Luke Salisbury: Biographical Information

Luke Salisbury is a Professor of English at Bunker Hill Community College in Boston and teaches English and Film. He is the author of The Answer Is Baseball (Times Books, 1989; Vintage, 1990) which The Chicago Tribune called the best baseball book of 1989, (A Common Reader said, “Salisbury reveals the heart of the sport better than writer I’ve read,” No. 47, April, 1991), and a novel, The Cleveland Indian (The Smith, 1992; paperback, 1996) which was nominated for the Casey Award in 1992 as best baseball book of the year, and was studied at Indiana State University in an American literature course. Blue Eden, a novel in three stories, (The Smith; hardback and paper, 1996). Ellery Queen Mystery Magazine said, “The middle tale, ‘The Number of the Beast,’ is a gem.” Hollywood and Sunset, a novel will be published by Shambling Gate Press, fall 2005. Mr. Salisbury contributed to Red Sox Century: One Hundred Years of Red Sox Baseball, Baseball & The Game of Life, Ted Williams: A Portrait in Words and Pictures, DiMaggio: An Illustrated Life, Jackie Robinson: Between the Baselines, Fall Classics: The Best Writing About The World Series’ First Hundred Years and wrote Chapter 9 of a Treasury of Baseball, published by Publications International Ltd. His work has appeared in the Boston Globe, Ploughshares, Stories Magazine, Pulpsmith, Fan, Elysian Fields, Spitball, Nine, SABR Review of Books, Cooperstown Review, and (in translation) AERA, the Japanese equivalent of Time. He is a past vice president and national secretary of the Society For American Baseball Research (SABR). Mr. Salisbury was the first keynote speaker at Nine Magazine’s Annual Spring Training Conference (1994), and was a frequent guest on Channel 2 Boston’s “Ten O’clock News,” “The Group,” and “Greater Boston,” New England Cable News Network, Comcast’s Sports Pulse, and WBUR’s “Connection.” He was featured in AMC’s “Diamonds On the Silver Screen,” HBO’s Curse of the Bambino and wrote the Krank column for Boston Baseball from 1996 to 1999.

Mr. Salisbury attended The Hun School, New College, and received an MA in Creative Writing from Boston University. He once taught third grade in the Bronx, and now lives with his wife Barbara and son Ace in Chelsea, Massachusetts.


Luke Salisbury (Lucius Albert III)


Date of Birth : April 12, 1947

Place Of Birth: Rhinebeck, New York


Marital Status : Married

Children: Lucius A. IV (Ace): Born 9/16/85



1983-1984 Boston University, Boston, Ma. M.A. - Creative Writing

Summer, 1969 City College of New York. 10 graduate credits in education; New York City teaching certificate

1965-1969 New College, Sarasota, Florida. B.A. - English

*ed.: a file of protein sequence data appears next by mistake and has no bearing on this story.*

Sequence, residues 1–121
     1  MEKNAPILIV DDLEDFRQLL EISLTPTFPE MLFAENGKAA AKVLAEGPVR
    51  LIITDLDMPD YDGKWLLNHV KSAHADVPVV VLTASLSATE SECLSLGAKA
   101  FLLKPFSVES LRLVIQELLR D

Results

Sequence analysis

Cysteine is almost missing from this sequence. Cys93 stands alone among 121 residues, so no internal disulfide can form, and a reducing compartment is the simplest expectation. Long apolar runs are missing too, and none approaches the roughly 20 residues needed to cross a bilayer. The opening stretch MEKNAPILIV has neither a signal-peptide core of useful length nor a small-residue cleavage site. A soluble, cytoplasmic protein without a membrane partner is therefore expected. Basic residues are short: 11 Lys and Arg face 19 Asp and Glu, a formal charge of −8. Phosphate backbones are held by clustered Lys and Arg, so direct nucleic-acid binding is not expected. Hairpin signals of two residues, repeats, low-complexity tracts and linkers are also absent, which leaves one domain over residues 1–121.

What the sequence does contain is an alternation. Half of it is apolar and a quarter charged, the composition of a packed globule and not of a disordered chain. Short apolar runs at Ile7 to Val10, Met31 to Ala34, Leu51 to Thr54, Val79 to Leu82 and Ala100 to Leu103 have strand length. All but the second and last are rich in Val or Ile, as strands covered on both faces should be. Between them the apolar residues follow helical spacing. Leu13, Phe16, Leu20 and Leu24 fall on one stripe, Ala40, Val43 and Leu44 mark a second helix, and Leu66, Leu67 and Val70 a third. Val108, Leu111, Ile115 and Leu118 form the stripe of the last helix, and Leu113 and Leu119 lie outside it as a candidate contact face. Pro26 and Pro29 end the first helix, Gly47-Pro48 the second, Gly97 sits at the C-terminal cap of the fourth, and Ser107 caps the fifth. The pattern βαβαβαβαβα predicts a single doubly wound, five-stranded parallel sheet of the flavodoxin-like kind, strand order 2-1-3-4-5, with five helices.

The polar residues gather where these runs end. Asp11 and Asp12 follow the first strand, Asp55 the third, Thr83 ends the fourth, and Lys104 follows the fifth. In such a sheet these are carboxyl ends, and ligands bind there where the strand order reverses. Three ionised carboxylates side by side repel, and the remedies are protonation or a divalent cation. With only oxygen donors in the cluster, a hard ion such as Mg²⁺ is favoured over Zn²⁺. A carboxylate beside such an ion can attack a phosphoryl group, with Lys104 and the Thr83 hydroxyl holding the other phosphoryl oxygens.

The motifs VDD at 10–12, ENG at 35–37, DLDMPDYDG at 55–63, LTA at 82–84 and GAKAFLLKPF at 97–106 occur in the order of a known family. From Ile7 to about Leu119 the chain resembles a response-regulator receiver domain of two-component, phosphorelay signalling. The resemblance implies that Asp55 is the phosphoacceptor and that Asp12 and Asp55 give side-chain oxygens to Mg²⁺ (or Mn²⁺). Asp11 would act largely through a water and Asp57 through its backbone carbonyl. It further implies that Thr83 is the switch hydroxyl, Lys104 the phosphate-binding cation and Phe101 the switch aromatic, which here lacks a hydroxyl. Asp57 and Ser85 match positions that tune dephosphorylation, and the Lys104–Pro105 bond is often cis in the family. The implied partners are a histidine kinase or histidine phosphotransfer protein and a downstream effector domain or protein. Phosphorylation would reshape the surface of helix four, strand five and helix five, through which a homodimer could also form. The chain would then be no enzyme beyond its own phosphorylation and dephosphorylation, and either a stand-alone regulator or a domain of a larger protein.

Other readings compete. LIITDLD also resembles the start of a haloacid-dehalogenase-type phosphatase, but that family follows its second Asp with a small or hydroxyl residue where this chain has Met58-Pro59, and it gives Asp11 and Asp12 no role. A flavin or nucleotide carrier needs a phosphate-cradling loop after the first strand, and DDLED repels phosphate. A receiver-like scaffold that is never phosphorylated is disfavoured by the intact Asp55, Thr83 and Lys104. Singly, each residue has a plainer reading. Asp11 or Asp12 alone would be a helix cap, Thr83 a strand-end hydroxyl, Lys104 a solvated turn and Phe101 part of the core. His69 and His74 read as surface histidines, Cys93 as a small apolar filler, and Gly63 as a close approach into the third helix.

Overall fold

1961-1965 The Hun School, Princeton, New Jersey. High School diploma



1984 - Present: Professor of Communications, Bunker Hill Community College, Charlestown, Ma. Promoted to Assistant Professor, 1988; Associate, 1991; Professor, 1994. I teach English Composition, American Studies, and Film.


1997 - Author of Krank column, Boston Baseball, starting Winter 1996 issue.


1992 - 1994: American correspondent for AERA, Asahi Shimbun, Tokyo - (the Japanese weekly news magazine, the equivalent of Time). I wrote profiles of American athletes and about major sports' events.


1991 - Appeared on ESPN’s “Major League Baseball,” June 13, discussing Ted Williams.

Summer 1990: Made 38 radio appearances promoting The Answer Is Baseball.


1989 - Present: Appeared six times on "The Ten O'Clock News," Channel 2, WGBH, Boston, with Christopher Lydon as a baseball expert. After '92, annual appearances on "Chris Lydon & Company" as literary critic and sports expert. Also frequently on “The Group,” on WGBH, Channel 2. Many appearances on The Connection, WBUR radio, as baseball expert.


1981 - Present: I present a lecture and slide show entitled "Bats, Balls, & Dollar Bills," a history of professional sports, and have appeared at numerous colleges and universities including: the University of Alabama, Boston College, University of Colorado Trivia Bowl, Illinois State University, University of Kansas, Slippery Rock College, Syracuse University, Tufts University, and the University of West Virginia.

1980-1981 - Numerous radio and television appearances, including NBC's Tom Snyder Show, following an unsuccessful attempt to take over the Boston Red Sox on behalf of local fans.


1979-1983 - Social Worker, Massachusetts Department of Public Welfare.

1972-1979 - While working on novels, I supported myself by working part-time as a security guard, and doing free-lance editing.


1971-1972 - Assistant to the Director, Community Education Center, 684 East Tremont Avenue, Bronx, New York. Wrote pre-school curriculum and grant proposals.


1970-1971 - Wrote novel Ballad Of Joking Jesus.


1969-1970 - Taught third grade at PS47, 1791 East 174th Street, Bronx, New York.


Publications: Fiction

Blue Eden, The Smith , Brooklyn, NY, 1995. Three stories. 158 pages. Hardback and paper.


The Cleveland Indian , The Smith, Brooklyn, 1992. Novel, 285 pages.

Jack Wolf's Tryout, short story, in Baseball And The Game Of Life, Birchbrook Press. 1990. Vintage paperback 1991.